How to start testing your react applications

This blog post is the first approach to learn how to test React components. The goal is to provide a guide to get started in testing, understanding how the tests work and how we can run our first test in our React application.

What is a test?

A test is a code that we write to verify the behavior of our application to ensure that works as intended. We need to constantly check and test our code to make sure that no gaps and errors exist.

Tests are frequently grouped by where they are added in the software development process, or by the level of specificity of the test. There are generally the following levels of testing:

  • Unit Test: Verify that individual, isolated parts work as expected. The purpose is to validate that each unit of the software code performs as expected.
  • Integration Test: Verify that several units work together
  • E2E: Test the entire system. Kind of like a robot that simulates user behavior around the app and verifies that it functions correctly.

Jest and React Testing Library

Jest is an open-source testing framework built on JavaScript.

A testing framework is an execution environment for automated tests. It is the overall system in which the tests will be automated. The testing framework is responsible for: defining the format in which to express expectations, executing the tests and reporting results.

React-testing-library is a library for testing React components in a way that resembles the way the components are used by end users. React-testing-library is not a testing framework, the library requires a framework and they recommend Jest. You can write unit and integration tests.

Projects created with Create React App come with Jest and React-testing-library configured.

Understanding the react example test

When we create a React Application with create-react-app, we can find a file named App.test.js in our src folder. When opening that file we going to find the below code:

Full Example

import { render, screen } from '@testing-library/react'; import App from './App'; test('renders learn react link', () => { render(<App />); const linkElement = screen.getByText(/learn react/i); expect(linkElement).toBeInTheDocument(); });

We are going to deconstruct this example to understand exactly how this test works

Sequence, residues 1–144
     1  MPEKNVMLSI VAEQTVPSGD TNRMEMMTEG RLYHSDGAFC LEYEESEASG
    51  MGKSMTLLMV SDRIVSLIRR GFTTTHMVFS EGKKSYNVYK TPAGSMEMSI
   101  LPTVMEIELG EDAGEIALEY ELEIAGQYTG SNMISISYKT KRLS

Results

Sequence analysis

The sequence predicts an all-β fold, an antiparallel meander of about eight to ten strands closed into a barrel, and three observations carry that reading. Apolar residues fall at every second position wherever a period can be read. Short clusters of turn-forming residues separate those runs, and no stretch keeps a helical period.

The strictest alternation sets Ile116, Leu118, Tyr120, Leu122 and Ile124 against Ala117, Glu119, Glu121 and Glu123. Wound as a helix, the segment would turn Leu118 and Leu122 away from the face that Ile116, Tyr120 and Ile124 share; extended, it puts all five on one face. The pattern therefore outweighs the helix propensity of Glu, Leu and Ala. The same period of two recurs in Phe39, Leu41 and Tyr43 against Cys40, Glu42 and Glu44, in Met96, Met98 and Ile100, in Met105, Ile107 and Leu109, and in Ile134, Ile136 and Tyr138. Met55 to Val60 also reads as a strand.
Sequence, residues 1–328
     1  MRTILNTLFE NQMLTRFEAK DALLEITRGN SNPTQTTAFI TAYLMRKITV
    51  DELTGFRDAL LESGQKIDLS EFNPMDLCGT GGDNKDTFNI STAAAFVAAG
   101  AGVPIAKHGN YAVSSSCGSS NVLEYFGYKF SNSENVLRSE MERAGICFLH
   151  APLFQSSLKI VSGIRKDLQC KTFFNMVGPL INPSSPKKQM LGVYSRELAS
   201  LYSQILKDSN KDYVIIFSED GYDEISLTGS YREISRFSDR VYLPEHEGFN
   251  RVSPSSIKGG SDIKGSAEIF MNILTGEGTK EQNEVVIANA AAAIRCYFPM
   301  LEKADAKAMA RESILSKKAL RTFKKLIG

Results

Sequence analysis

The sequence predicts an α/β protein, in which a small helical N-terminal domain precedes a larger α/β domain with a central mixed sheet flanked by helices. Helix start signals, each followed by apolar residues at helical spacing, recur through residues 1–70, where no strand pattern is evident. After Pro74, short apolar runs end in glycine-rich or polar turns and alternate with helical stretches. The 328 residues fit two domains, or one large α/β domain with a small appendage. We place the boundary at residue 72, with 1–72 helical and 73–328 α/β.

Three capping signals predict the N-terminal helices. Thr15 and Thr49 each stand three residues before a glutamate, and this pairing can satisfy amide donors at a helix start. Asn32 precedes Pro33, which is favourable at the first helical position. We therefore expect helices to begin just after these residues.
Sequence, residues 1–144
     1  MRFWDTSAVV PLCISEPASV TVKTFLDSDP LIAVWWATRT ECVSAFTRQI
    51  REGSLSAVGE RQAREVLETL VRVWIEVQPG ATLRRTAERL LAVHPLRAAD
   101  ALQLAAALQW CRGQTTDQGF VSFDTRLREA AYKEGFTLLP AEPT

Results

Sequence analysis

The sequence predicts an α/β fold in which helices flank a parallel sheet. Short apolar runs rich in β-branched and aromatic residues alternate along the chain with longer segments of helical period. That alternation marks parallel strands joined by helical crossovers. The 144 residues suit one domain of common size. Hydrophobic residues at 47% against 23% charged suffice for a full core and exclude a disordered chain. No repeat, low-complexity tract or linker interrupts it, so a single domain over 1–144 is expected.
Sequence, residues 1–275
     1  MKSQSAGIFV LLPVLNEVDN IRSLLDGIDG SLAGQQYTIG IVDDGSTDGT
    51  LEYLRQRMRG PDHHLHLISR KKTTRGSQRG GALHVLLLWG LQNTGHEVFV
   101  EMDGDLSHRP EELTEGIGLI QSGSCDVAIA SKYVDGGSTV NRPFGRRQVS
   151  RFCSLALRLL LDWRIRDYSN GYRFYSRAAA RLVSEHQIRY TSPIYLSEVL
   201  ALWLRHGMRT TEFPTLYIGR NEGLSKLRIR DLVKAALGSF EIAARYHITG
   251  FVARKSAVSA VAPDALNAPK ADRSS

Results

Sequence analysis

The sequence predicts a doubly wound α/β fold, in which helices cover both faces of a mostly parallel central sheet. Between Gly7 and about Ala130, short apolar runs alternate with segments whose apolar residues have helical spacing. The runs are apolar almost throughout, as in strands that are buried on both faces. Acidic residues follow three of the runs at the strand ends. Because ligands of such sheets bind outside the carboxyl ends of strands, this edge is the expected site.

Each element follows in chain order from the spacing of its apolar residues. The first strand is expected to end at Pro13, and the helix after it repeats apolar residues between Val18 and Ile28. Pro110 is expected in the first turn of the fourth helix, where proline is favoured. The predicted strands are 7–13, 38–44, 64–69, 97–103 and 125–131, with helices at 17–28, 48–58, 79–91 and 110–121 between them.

At the top, we have import statements:

import { render, screen } from '@testing-library/react'; import App from './App';

We import two things from React Testing Library: A render function that will be used to render the component which we will be testing and a screen object that contains different methods to select elements in the document.

We also import the App component which we want to test.


After we are calling the test function which is a method provided by Jest:

test('renders learn react link', () => { render(<App />); const linkElement = screen.getByText(/learn react/i); expect(linkElement).toBeInTheDocument(); });

This method describes the test itself. It takes as parameters the name of the test, a function that holds the tests, and timeout (optional) for specifying how long to wait before aborting.

test(name, function, timeout)
  • name: The name of the test in this case is “render learn react link”
  • function:

    () => { render(<App />); const linkElement = screen.getByText(/learn react/i); expect(linkElement).toBeInTheDocument(); }

    We are going to made a detailed breakdown of this function:

    render(<App />);

    The render method renders a React element into the DOM.

    const linkElement = screen.getByText(/learn react/i);

    getByText can be used to search for all elements in the rendered virtual DOM that have a text node with text content matching the given regular expression. In the code example, this is used to check if the text “learn react” is contained anywhere in the virtual DOM rendered by the component.

    The getByText function accepts a string as input but also a regular expression. Whereas a string argument is used for the exact match, a regular expression can be used for a partial match which is often more convenient.


    expect: the condition that the test needs to pass.

    The expect function provided by Jest is used to make an assertion about this text being in the document.

    The method toBeInTheDocument of Jest’s expect function here is actually provided by another library that sits on top of React Testing Library, jest-dom.

Running Tests

Now that we understand how the example test does, we need to learn to run it.

If you look inside the package.json file in your react project, you will find that there is a script for test.

"scripts": { "start": "react-scripts start", "build": "react-scripts build", "test": "react-scripts test", "eject": "react-scripts eject" },

This means that you can run your tests typing:

npm run test

And finally, you get the result of your test:

test result
I hope this introduction to testing can be useful for you.

Posted by Ana Mafla on 2021-02-1

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